A: This gets to what we mean by “the speed of light.” As an example, think of a man who walks ten blocks home from work every day, and he likes to take a drink now and then. When he takes one path which is ten blocks, there are no bars, so he just walks directly home. However, on another path, which is also ten blocks, there’s a bar on every block, and he stops at every one of them for a quick one, before continuing on his way. Now: assuming the man does not feel the cumulative effects of alcohol (something many of us have wished for on an early morning), one can ask – is his speed any different on the two paths? It would seem like the total amount of time to get home is shorter on the path with no bars, but longer on the path with a bar on every block. So, in the sense when you take his distance travelled and divide it by time, his speed may seem slower on the path with bars, and faster on the path without bars. In this analogy, the man is a photon, and the bars are matter. Photons like to interact with matter (charged matter, actually – like electrons and protons) and, in doing so, they will appear to move slower. However, what physicists usually mean by “the speed of light” is how fast light moves in free space, in the absence of matter. So, in the sense that physicists talk about light, its speed does not change at all. But, if you send light through matter (like glass, or water) and time it, it will have moved more slowly through the matter, as it interacts with it – just like the man walking home and past (or, not past) the bars.

The “strong forces of gravity” is a bit trickier to address. The short answer is, no, gravity doesn’t change the speed of light. But, again, the speed of light is what a person who is right next to it would measure. Gravity, however, does change the shape of space, and can change the speed with which time appears to flow – for example, if I am in orbit around the earth; and I compare a clock on earth with one I have with me, it will appear that the clock on earth is moving slower.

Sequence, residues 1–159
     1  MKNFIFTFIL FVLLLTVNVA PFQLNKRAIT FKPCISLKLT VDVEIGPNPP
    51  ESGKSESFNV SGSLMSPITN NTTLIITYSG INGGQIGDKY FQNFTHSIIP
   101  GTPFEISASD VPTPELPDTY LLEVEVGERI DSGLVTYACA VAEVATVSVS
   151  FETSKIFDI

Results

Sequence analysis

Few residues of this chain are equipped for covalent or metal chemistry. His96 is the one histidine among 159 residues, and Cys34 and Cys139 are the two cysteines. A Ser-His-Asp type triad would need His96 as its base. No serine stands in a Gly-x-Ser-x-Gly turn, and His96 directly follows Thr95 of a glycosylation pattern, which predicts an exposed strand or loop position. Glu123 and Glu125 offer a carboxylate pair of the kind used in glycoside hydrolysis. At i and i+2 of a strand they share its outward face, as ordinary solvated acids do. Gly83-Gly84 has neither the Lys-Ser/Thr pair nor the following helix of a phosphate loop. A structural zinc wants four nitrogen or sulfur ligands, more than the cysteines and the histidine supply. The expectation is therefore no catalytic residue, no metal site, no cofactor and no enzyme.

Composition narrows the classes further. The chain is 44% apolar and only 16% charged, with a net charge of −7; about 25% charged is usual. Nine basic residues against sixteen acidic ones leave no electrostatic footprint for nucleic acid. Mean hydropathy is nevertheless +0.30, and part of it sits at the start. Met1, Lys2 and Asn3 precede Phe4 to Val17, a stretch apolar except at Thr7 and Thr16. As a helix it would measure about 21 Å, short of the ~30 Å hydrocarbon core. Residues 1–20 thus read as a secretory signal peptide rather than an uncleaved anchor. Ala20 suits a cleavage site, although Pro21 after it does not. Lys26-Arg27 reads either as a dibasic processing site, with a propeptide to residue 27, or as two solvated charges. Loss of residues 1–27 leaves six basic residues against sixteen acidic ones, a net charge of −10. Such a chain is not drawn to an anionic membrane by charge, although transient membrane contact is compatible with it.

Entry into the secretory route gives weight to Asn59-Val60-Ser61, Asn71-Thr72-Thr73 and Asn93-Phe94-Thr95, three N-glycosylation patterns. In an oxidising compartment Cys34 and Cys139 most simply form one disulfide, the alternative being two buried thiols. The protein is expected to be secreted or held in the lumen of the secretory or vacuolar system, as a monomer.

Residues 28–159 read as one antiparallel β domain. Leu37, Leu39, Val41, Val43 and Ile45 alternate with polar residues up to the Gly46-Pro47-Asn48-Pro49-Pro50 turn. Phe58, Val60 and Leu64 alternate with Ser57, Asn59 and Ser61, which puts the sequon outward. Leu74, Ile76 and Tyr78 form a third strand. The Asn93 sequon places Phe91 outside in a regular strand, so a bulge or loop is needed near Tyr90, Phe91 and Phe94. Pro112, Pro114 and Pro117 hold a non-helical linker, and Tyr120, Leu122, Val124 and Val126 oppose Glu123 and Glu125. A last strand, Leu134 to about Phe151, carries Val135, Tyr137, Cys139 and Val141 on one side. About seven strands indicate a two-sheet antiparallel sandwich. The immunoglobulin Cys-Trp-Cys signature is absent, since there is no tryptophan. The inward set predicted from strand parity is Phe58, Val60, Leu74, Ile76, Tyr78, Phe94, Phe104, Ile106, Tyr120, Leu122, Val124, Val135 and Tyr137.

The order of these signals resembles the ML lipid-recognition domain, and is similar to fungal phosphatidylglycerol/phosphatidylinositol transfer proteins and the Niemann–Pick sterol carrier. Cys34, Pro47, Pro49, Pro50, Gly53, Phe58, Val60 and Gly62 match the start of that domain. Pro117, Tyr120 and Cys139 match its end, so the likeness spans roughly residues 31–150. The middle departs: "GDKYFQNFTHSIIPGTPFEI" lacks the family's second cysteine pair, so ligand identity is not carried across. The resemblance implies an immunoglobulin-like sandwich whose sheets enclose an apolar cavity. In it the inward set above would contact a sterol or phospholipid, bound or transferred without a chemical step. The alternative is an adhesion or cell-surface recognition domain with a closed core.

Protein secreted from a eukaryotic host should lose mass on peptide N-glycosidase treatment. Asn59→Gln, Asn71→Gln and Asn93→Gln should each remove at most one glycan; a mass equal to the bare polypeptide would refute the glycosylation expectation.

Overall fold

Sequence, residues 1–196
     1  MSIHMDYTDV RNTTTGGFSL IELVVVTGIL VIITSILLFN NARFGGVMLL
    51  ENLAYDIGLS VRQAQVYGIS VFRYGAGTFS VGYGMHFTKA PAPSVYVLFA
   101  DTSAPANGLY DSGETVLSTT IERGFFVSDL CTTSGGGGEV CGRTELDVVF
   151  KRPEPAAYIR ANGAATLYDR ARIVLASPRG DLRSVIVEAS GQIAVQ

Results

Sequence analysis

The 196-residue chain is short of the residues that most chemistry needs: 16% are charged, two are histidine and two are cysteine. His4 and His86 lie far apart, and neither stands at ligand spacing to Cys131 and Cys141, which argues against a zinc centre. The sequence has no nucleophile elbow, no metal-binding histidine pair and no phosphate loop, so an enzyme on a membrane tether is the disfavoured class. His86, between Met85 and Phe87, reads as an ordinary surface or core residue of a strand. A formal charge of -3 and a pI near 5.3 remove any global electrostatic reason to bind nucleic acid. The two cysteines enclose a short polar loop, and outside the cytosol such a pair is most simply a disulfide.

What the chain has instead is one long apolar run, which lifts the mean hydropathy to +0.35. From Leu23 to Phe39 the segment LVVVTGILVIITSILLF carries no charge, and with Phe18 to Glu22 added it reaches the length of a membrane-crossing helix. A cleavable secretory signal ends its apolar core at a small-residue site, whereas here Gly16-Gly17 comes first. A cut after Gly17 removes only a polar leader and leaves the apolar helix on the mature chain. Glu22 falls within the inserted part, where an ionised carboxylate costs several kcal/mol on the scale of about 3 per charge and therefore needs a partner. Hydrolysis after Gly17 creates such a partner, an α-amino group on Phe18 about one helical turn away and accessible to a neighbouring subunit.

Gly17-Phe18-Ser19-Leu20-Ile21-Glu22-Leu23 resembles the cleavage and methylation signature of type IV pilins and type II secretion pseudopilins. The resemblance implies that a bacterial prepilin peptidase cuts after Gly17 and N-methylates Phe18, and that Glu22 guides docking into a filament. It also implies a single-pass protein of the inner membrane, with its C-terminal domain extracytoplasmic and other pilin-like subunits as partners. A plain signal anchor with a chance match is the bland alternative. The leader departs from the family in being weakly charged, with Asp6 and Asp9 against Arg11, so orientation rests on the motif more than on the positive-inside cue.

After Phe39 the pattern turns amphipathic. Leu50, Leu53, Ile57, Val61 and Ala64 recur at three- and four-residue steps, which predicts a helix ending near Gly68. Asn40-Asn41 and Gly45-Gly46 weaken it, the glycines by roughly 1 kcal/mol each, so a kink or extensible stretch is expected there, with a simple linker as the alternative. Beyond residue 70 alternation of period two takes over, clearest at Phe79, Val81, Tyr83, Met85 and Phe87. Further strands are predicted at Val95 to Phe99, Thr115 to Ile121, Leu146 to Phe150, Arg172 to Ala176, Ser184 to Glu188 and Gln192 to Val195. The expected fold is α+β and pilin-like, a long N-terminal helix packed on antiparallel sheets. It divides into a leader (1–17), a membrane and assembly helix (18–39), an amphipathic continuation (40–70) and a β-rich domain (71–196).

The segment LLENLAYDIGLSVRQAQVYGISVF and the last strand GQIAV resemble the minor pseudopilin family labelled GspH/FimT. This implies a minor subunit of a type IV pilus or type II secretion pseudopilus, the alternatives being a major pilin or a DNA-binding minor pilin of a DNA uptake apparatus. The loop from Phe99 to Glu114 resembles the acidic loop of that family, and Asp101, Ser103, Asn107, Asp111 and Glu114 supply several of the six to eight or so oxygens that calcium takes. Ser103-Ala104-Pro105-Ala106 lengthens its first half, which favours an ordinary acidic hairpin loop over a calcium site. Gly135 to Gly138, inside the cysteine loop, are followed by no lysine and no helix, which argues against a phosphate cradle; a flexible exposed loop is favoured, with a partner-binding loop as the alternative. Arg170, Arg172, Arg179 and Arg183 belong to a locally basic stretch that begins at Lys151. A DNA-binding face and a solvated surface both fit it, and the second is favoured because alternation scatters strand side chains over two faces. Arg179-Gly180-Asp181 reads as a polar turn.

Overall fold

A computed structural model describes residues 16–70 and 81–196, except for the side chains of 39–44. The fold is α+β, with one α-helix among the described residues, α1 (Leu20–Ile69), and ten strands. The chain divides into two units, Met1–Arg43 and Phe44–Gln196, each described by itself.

So, in the early universe, we expect that light had the same speed as it does today, but it would have interacted with matter, and the shape of the universe was also more compact, and both of these would have affected how light traveled.


Q: What is the name of the method for measuring distances, in which you use a thumb, and both your eyes – or, things which take the place of your thumb and both your eyes?

A: Parallax.

Q: In the parallax method, what is the name of the unit of distance to the stars (for example, to a star which produces one arcsecond of parallax observed from the earth-Sun system)?

A: parsec

Q: What is the approximate distance to the center of our own Galaxy?

A: 8000 parsec or 24 thousand light years.

If you have any related comments or questions, please feel free to post them. We cannot promise a reply to every question but will answer what we can.

2 responses to “Q & A – Measuring the Universe”

  1. Maggie W says: